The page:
On Thursday, UCAS published the data for applications to postgraduate ITT courses by mid-January 2020. I apologise for the delay in posting my comments this month, but I was on leave last week. With the DfE now trailing their own application site, it must be assumed that the UCAS data is no longer comprehensive in terms of applicants. However, I suspect it is still good enough to be able to identify trends in the recruitment cycle for September 2020.
The two key message from the data seem to be: fewer applicants, down from 14,650 last January to 14,240 this year. But, this number is so small as to make no real difference, and the whole of the decline is probably in applications to primary age courses. Applications for secondary courses increased by 130. This probably represents somewhere between 40-50 extra applicants this January compared with 2019.
What seems to be clear is that the application process has been moving faster this year, as there are more applicants that have been placed or offered unconditional offers than at this point in 2019. The other good news is that London and The South East have bucked the trend, with more applicants this January than in 2019. The London number is impressive, with an increase of more than four per cent over last January. BY contrast, the reduction in the North East is in the order of seven per cent over last January.
Applicant numbers have held steady across most age groups, except for those aged twenty two, and 25-29 age group where applicant numbers are down slightly on last year. There are fewer male and female applicants this year, with fewer than 4,000 male applicants this January.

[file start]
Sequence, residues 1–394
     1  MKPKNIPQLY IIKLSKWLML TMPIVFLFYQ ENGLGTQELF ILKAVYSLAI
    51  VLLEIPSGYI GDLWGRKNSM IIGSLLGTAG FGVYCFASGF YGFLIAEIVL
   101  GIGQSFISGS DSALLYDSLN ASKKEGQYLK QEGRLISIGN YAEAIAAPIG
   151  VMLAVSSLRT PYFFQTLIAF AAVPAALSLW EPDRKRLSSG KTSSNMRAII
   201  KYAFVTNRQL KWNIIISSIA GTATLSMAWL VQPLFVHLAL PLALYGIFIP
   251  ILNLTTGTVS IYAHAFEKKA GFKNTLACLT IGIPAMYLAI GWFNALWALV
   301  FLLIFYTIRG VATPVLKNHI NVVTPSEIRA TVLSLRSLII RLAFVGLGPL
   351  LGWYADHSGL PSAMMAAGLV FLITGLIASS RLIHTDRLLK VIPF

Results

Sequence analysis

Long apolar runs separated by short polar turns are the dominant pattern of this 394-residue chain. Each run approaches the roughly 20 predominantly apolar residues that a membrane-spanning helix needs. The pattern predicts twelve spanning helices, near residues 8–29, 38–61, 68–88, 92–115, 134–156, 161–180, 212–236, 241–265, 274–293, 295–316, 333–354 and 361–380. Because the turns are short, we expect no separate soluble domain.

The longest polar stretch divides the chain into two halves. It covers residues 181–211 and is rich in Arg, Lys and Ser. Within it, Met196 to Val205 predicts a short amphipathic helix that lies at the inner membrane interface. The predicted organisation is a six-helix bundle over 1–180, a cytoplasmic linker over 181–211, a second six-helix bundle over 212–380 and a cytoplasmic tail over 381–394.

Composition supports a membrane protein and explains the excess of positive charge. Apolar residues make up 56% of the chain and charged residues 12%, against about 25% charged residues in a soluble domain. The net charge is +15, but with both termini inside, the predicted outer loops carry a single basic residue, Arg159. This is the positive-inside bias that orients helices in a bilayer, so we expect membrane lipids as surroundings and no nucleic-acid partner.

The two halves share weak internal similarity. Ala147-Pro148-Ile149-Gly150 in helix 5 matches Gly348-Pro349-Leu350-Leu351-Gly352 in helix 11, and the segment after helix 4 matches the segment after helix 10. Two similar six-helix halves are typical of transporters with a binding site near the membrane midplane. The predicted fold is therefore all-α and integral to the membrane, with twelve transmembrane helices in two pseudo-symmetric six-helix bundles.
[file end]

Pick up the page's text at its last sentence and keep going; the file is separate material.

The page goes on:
In terms of applications, primary courses are over 1,000 applicants below this point in 2019, with only PG Teaching Apprenticeships showing any growth over last year. For secondary courses, SCITTs are the main winner, although there are more apprenticeship and School Direct (non-salaried) applications as well. School Direct (Salaried) courses continue to lose ground, but at a slower rate; down to 1,220 from 1,280 last January. Higher Education courses still remain the largest category with 10,830 applications compared to 7,270 for School Direct (non-salaried) courses.
The picture for individual subjects is more nuanced at this stage of the cycle. Subjects with large numbers of applications and strong competition for teaching posts, such as physical education, geography and history have seen some reductions in the number of offers made to candidates possibly as a result of reductions in overall applications in these subjects. More worrying is the decline in applications for mathematics courses, as well as for chemistry and physics courses. The latter may have seen applications down by just 30, but that means a total of just 500 applications this January, with just 90 of these applications either having been placed or holding an offer.
The good news is there are more applications in art, business studies, design and technology and music than at this point in 2019. However, the increases are not yet sufficient to ensure all places will be filled this year. But, any increase is to be welcomed.
Modern Languages look to be the main casualty, with fewer than 600 offers or placed applications, compared to close to 1,000 at the same point last year.
By next month the shape of the recruitment round with have become clearer, and it should be possible to make some realistic predictions. If I were to put my money on it at this stage, and assuming exiting the EU doesn’t upset the labour market too much, then I would say the outcome might be slightly better than in September 2019, but not enough to meet the Teacher Supply model numbers from the DfE.